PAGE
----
Judge Julia Gibbons of Memphis was named by U.S. Supreme Court Chief Justice William H. Rehnquist as chair of the Budget Committee of the Judicial Conference. Gibbons has bee...

22. Archived Article: Law Talk - Kevin G

Ritz Returns to Memphis as Summer Associate, Clerk

LANE GARDNER CAMP

The Daily News

Kevin G. Ritz, a 2004 graduate of the University of Virginia Law School, returns to Memphis this summer to serve as a summer associate in the Mem...

23. Archived Article: Standout - In 1920, the 20th Amendment gave women the right to vote

Benchmark

By ANDREW BELL

The Daily News

In 1920, the 20th Amendment gave women the right to vote, while in 1951 an amendment to Tennessees Constitution reserved a seat for women in...

24. Archived Article: Marketplace - Restraining order puts state, Chambers, artists in contention

Court order puts state, Chambers, artists at odds

By DAVID LYONS

The Daily News

A number of Chambers of Commerce across the nation filed a motion in U.S. District Court last w...

25. Archived Article: Law Focus - By DAVID LYONS

Towerys demise creates Chambers nightmare

By DAVID LYONS

The Daily News

The Memphis Area Chamber of Commerce and several other Chambers filed a motion in U.S. District Court last week seeking to intervene in the Tennessee ...

26. Archived Article: Law Focus - Anthrax hoaxes are no joke says Memphis FBI

Anthrax hoaxes are no joke, says Memphis FBI

By MARY DANDO

The Daily News

Hoaxers beware anyone discovered sending white powder packages through the mail will face hefty charges and possible ja...

27. Archived Article: Comm Briefs - The Memphis Brooks Museum of Art will present the Art of Warner Bros

The Memphis Brooks Museum of Art will present the Art of Warner Bros. Cartoons, an exhibition of original artwork from the world of Looney Tunes and Merry Melodies from Nov. 17 ...

28. Archived Article: Calendar - Calendar of events: June 5 11 Calendar of events: Aug. 13-Aug. 19 Aug. 13 The International Association for Administrative Professionals will have a meeting at 6 p.m. Monday at the Holiday Inn East. Members attending the recent IAAP international co...

29. Archived Article: Law Briefs - Summer School at the University of Memphis continues today with Wills and Estates from 4 p "Ethics 2001: Are You Ready for the Challenge?" sponsored by the American Law Institute-American Bar Association, will be shown by tape delay at 9:3...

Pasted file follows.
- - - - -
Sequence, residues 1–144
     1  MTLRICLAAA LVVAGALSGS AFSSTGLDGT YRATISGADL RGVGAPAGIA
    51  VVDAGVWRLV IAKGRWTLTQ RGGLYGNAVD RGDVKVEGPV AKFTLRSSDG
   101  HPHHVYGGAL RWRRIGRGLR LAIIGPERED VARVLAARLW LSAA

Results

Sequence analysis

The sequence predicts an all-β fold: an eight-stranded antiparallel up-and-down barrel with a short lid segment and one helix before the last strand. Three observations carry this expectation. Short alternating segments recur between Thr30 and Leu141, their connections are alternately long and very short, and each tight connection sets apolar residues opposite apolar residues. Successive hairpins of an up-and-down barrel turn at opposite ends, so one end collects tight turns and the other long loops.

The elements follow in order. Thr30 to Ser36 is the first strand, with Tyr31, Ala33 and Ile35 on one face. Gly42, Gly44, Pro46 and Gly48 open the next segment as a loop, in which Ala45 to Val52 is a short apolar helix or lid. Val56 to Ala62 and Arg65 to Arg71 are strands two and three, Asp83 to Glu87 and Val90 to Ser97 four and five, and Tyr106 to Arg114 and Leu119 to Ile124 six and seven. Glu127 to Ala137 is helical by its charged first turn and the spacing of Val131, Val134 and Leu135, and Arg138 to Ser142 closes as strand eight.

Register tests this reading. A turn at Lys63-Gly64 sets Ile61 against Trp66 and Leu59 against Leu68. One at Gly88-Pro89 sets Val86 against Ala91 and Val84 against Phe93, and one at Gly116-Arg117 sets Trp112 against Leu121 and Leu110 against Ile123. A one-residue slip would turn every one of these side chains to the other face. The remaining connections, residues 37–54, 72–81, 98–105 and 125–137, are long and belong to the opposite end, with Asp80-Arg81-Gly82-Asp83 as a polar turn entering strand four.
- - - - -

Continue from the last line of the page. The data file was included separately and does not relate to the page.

30. Archived Article: Law Focus - Immigrants find a warm welcome in the Mid-South Immigrants find a home in the Mid-South By MARY DANDO The Daily News More than 100 people and their families from 34 countries came to the grand ballroom of the Peabody hotel Tuesday because they wante...

31. Archived Article: Benchmark (kellogg) - Kellogg and Exxon in cat fight over tiger logo Kellogg, Exxon in cat fight over use of tiger logo A court fight between corporate heavyweights Kellogg Co. and Exxon Mobil Corp. has been re-ignited over the use of cartoon tigers in advertisements of ...

32. Archived Article: Law Briefs - The Memphis/Mid-South chapter of the Federal Bar Association and the U The Memphis/Mid-South chapter of the Federal Bar Association and the U.S. District Court for the Western District of Tennessee are sponsoring a continuing education seminar on Fr...

33. Archived Article: Law Briefs - Jay H Jay H. Lindy and Jennifer W. Sammons were named owners in the Waring Cox law firm. Lindy practices in securities, corporate and health care law. Sammons specializes in employment, business and general civil litigation. Lindy has a bachelors de...

34. Archived Article: Gibbons Oath - Notes Gibbons swearing in New DA sworn in, already lobbying for funds for office By GABRIELLE C.L. SONGE The Daily News It was a solemn event and a roast District Attorney General Bill Gibbons swearing in ceremony at the criminal justice center Frid...

35. Archived Article: Women - 04-26 Women By KATHLEEN DOMBHART BARK The Daily News Attorneys and litigants, both men and women alike, often address Judge Janice Holder as "hizzonner," a traditional one-word title of respect for those on the bench. "Both men and wo...

36. Archived Article: Env Focus - 11/22 Env focus Conservation Group Steps up Lawsuit Over Corps' Casino Permitting The Daily News Attorneys for an environmental group last week notified the U.S. Justice Department that it intends to take depositions of former district engineer Col....

37. Archived Article: Benchmark - 11/2 Benchmark Benchmark Cases Christopher Lee Bryant vs. The City of Memphis, Mayor Dr. W.W. Herenton, Walter Winfrey, director of the Memphis Police Department, Lieutenant Dobbins, supervisor of Memphis Police Department Tact Unit and other unknow...

38. Archived Article: Tual-nvs - Former Memphis Bar president Former Memphis Bar president honored by women attorneys Memphis attorney Blanchard Tual is the first male recipient of the Marion Griffin-Frances Grant Loring Award for advancement of the legal profession and the status ...